Types of data
Nominal data: data is in categories e.g. how many black people and how many white people are there in the army?
Ordinal data: data placed into a scale or put in rankings e.g. 1st 2nd 3rd, low/medium/high. Often subjective
Interval/ratio data: data with standardised mesurements - equal amounts in between e.g. minutes, centimetres, pounds etc data is objective
Inferential tests: allow psychologists to draw conclusions from their findings. They calculate the probability that the results have arisen by chance. If the findings are unlikely to be a fluke then they are called significant. The tests include Chi squared (X2), Spearman's Rho (R), Wilcoxon (T), and Mann Whitney (U).
Observed value: the value calculated by the inferential test
Critical value: the value found in the table of critical values
Degree of freedom: (number of rows -1) x (number of columns -1)
How do you know the results are significant or not?
Spearman's Rho and Chi squared = the observed value has to be greater than the critical value
Wilcoxon and Mann Whitney = the observed value has to be less than or equal to the critical value
Inferential statistics continued
P = probability the results are down to chance. Researchers choose the maximum probability that there results are down to chance that they are still willing to accept as being significant. Usually it is set at p<_ 0.05 meaning they are allowing for 5% chance their results are a fluke.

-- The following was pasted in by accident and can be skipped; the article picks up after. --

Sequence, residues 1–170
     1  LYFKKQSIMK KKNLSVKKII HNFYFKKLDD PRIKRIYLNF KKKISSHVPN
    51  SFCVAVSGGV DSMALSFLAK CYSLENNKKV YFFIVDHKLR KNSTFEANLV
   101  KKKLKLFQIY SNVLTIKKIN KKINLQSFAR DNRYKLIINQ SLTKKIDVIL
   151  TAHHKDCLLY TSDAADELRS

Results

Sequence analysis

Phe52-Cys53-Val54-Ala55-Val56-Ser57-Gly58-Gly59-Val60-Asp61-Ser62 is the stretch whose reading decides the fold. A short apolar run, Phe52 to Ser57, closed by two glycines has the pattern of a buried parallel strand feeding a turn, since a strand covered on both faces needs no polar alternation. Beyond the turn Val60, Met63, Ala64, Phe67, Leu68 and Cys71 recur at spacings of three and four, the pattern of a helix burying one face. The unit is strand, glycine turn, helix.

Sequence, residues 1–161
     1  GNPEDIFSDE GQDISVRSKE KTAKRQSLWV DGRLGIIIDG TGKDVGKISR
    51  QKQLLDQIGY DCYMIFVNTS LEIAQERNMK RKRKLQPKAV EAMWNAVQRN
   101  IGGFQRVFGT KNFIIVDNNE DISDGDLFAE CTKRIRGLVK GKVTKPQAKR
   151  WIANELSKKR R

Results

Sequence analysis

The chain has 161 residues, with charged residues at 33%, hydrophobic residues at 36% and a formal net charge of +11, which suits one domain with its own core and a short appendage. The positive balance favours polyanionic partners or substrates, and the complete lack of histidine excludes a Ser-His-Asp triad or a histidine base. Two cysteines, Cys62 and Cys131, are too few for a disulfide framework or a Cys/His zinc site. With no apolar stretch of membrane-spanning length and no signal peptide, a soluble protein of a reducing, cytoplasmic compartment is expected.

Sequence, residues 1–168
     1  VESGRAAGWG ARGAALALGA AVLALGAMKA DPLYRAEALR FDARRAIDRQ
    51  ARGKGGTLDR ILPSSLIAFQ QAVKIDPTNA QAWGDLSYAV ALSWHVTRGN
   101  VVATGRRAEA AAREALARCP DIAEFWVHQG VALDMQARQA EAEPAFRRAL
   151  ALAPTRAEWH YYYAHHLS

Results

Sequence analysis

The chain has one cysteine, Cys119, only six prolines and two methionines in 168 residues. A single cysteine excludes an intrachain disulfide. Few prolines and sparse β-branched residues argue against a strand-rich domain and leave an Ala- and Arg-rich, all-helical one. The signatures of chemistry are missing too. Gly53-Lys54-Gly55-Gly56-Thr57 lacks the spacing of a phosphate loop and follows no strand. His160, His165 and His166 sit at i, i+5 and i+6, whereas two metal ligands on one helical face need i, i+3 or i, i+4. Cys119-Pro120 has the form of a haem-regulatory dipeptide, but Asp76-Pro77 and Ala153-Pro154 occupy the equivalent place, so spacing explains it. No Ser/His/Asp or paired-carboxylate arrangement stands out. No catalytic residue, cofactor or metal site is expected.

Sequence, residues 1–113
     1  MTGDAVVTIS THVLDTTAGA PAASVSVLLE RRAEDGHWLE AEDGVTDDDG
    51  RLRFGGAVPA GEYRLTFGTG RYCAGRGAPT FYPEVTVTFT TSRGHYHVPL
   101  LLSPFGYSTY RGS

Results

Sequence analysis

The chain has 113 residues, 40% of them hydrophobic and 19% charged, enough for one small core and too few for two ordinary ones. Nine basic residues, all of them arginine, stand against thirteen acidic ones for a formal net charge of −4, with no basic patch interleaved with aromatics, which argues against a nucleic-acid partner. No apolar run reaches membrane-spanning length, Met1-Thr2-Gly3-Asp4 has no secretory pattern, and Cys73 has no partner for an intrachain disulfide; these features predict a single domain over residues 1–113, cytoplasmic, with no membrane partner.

Null hypothesis: predicts that any difference/correlation found in the results is due to chance.
If our results are within our acceptable probability then we view them as significant and we can accept the experimental/alternative hypothesis and reject the null hypothesis.
If they are not then we reject the experimental/alternative hypothesis and we accept the null hypothesis.
Type 1 error: the significance level is too high (too bIg), too lenient e.g. p<_0.5 (accepting results with a 50% probability of being down to chance). The null hypothesis may be falsely rejected and the experimental/alternative hypothesis may be falesy accepted, the researchers suggesting that a certain phenomena exists when it was actually down to chance.
Type 2 error: the significance level is too low (too smaII), too strict e.g. p<_0.01 (only accepting results if there is only 1% probability they are down to chance). They may falsely accept the null hypothesis and falsely reject the experimental/alternative hypothesis when the phenomena actually exists and was not due to chance.
Definition of peer review: the assessement of scientific work by other experts in the same field
It has three major functions:
1. Helps researchers keep in touch with new scientific developments; knowledge grows through sharing information.
2. If they are working in the same field researchers may be able to improve upon or disprove someone else's theory.
3. It helps prevent poor quality or fraudulent results entering the public domain. This helps sustain the future credibility of results. It is also important as universities and other organisations are often assessed for future government funding based on the quality of their published research.
Issues with peer review
1. Anonymity: is used so that reviewers can be honest and objective but it may often have the opposite effect. People can use anonymity to settle rivalries as psychologists often compete for the same grants and jobs. That and social relationships may affect objectivity